##### 2.2. Implement Psychologically Valid Measurements and Preference Elicitation Procedures

Larichev [8] carried out the initial analysis of the literature to differentiate between the elicitation of different types of evaluations from the decision maker. Some types of information lacked corresponding research. Additional types of admissible information elicitation types were introduced later (see, e.g., [9, 10]).

In aggregate, there are four major admissible groups of preferential information elicitation: (i)rank ordering of criteria importance,(ii)qualitative comparison of attribute values against one, two, or three criteria,(iii)qualitative evaluation of probabilities,(iv)direct classification of an alternative.

##### 2.3. Incorporate Procedures for Consistency Check of Decision Maker’s Preferences

The requirement means that all or part of the elicited information should provide auxiliary preferences which may be used to check for consistency of preferences as well as for verification of the underlying axioms. For example, many MAUT methods assume preferential independence of criteria and/or transitivity of preferences.

##### 2.4. Procedures Should Be “Transparent” to the Decision Maker and Provide Explanations of the Results

The last requirement assumes that the information elicited from the decision maker will be used in an easily understandable way to provide the solution, and as such the result may be easily explained to the decision maker.

Within this framework, the majority of the VDA methods are based on the rules of dominance (Pareto Principle) as a result of ordinal scales and transitivity of preferences. If we try to compare VDA to the existing major groups of approaches to multiple criteria decision analysis [11], we would be able to find mutual features and crucial differences with the majority of them.

Like outranking methods [4], VDA provides outranking relationships among multiple criteria alternatives which leads in the majority of cases to their partial order. At the same time, VDA is designed to elicit a sound preference relationship that can be applied to future cases while outranking methods are intended to compare a given set of alternatives.

On another hand, VDA is based on the same principles as multiattribute utility theory (MAUT) but is oriented on using the verbal form of preference elicitation and on evaluation of alternative decisions without resorting to numbers. As MAUT, classical methods of VDA work in the criterion space to provide universal ordering rules for any set of real alternatives.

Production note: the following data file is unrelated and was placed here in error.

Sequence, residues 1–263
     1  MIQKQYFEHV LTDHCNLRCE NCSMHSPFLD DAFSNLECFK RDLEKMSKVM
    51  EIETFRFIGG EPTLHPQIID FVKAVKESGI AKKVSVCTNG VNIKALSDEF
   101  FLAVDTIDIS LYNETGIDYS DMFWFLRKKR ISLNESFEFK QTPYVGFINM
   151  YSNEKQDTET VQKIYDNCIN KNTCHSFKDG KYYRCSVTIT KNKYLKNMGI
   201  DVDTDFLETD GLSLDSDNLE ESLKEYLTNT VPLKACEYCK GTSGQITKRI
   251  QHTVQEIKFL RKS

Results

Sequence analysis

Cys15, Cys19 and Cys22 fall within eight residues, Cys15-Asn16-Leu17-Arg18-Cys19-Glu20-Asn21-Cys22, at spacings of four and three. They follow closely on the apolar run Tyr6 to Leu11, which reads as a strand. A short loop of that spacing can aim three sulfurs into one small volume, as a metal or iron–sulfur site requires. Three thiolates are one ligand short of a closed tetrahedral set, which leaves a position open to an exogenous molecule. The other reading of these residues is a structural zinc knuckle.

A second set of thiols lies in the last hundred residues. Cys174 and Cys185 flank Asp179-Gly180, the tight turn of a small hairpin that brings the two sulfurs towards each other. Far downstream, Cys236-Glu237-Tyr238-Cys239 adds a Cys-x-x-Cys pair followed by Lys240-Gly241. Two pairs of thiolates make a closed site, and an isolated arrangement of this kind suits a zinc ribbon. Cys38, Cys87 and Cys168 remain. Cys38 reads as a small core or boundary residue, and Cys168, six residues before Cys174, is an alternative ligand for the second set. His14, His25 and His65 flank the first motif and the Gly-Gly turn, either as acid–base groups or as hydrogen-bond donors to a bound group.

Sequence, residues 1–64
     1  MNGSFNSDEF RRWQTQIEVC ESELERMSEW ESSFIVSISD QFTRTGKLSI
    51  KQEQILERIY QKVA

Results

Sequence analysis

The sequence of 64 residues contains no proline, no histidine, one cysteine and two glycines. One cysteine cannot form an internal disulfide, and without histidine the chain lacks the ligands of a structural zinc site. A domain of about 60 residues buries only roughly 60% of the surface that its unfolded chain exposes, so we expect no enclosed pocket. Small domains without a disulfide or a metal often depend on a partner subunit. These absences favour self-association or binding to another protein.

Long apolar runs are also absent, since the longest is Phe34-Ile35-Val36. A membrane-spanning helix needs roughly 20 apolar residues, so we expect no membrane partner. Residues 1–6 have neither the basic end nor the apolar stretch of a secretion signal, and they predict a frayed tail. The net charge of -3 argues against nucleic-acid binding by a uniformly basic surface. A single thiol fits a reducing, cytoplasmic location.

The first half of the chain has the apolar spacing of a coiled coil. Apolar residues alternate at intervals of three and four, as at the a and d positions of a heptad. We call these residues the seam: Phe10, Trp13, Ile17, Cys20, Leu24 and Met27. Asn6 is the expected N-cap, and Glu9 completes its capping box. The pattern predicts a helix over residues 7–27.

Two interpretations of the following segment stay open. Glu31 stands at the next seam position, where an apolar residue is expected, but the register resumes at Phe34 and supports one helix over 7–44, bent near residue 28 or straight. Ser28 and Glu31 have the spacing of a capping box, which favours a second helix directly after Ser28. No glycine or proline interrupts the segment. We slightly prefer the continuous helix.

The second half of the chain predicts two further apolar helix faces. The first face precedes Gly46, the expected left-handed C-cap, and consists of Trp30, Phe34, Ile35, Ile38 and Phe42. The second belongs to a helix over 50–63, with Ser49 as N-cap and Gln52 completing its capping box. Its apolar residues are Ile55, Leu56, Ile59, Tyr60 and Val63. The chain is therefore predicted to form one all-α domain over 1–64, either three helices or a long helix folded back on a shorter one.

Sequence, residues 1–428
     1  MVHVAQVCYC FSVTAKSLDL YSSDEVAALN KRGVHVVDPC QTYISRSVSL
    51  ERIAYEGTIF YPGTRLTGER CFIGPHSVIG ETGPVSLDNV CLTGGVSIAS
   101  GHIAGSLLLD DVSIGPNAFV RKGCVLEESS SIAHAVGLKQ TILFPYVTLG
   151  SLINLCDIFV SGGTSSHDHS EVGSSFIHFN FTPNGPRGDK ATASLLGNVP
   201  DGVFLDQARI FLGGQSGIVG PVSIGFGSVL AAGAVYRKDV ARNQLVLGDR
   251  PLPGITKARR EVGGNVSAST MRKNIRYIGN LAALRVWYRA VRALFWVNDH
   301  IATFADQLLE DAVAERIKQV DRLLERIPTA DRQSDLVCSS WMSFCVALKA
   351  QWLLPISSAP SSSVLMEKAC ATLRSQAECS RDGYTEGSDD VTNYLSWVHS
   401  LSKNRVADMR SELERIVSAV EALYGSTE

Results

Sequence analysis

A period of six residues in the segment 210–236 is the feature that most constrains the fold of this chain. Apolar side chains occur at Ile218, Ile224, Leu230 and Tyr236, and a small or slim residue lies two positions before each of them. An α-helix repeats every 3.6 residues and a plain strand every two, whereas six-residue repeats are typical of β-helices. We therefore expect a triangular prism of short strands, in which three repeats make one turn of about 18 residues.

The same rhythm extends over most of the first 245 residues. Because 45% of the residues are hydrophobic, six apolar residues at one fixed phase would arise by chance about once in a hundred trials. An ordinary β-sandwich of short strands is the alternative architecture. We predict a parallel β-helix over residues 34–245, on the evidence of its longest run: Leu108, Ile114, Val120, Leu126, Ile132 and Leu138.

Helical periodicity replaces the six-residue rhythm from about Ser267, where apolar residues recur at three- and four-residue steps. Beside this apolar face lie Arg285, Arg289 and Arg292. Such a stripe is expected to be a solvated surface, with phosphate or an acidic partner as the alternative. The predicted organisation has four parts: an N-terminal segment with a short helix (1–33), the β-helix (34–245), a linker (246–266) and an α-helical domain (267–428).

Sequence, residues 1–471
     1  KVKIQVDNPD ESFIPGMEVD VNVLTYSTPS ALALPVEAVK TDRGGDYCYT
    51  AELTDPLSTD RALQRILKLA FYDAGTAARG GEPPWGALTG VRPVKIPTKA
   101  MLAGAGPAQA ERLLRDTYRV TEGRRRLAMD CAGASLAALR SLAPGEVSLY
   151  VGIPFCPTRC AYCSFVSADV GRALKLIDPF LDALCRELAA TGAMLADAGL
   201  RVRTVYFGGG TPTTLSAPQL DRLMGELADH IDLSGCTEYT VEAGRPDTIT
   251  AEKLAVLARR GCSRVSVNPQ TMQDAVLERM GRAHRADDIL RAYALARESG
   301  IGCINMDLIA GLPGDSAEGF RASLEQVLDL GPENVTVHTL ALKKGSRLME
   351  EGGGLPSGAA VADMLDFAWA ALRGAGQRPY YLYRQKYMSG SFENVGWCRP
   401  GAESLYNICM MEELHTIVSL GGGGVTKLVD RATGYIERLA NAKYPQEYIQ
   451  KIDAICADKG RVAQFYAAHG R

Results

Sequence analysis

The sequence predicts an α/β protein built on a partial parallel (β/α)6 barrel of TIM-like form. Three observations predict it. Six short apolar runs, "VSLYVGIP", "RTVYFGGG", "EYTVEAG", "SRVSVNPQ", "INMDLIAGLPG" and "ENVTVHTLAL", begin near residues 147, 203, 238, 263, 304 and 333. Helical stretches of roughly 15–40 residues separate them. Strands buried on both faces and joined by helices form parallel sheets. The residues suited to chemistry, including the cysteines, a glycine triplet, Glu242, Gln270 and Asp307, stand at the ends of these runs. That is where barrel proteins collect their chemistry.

As VDA, the Analytical Hierarchical Process (AHP) [5] elicits preference information from the decision makers in an ordinal form but turns these verbal ordinal evaluations into numerical ones for further analysis. As outranking methods, AHP works only with real alternatives, and preferences obtained in the process have to be revised in the case of additional alternatives. Figure 1 shows VDA place among the popular groups of MCDA methods.

**(a) Comparison of approaches based on the resulting order and applicability of derived rules**

**(b) Comparison of approaches based on the use of heuristics and quantitative versus qualitative form of preference elicitation**

#### 3. Classical Methods of VDA

In 1997, three methods were introduced as a VDA toolkit for three major types of decision problems. Method ZAPROS based on [7] is used for rank ordering alternatives, ORCLASS based on [6] is used for an ordinal classification of alternatives, and method PARK based on [12] is used for the selection of the best alternative.

All methods assume that discrete alternatives are evaluated against a set of criteria with finite number of possible *verbal* values *where* .

In this case, we can form a set of all possible vectors in the space of criteria of the size .

There is also a subset of vectors, describing real alternatives. All methods elicit order of criterion values within each scale thus providing *ordinal scales *for each criterion.

##### 3.1. Method ZAPROS

Method ZAPROS is intended for problems in which there is a need to rank order a rather large number of alternatives and the set of the alternatives may change while decision rules stay in place. An example of such a problem will be the distribution of limited resources among research projects submitted to a government agency [1]. If there is a system for projects’ evaluation and comparison (ranking), it is possible to apply this system for any set of projects.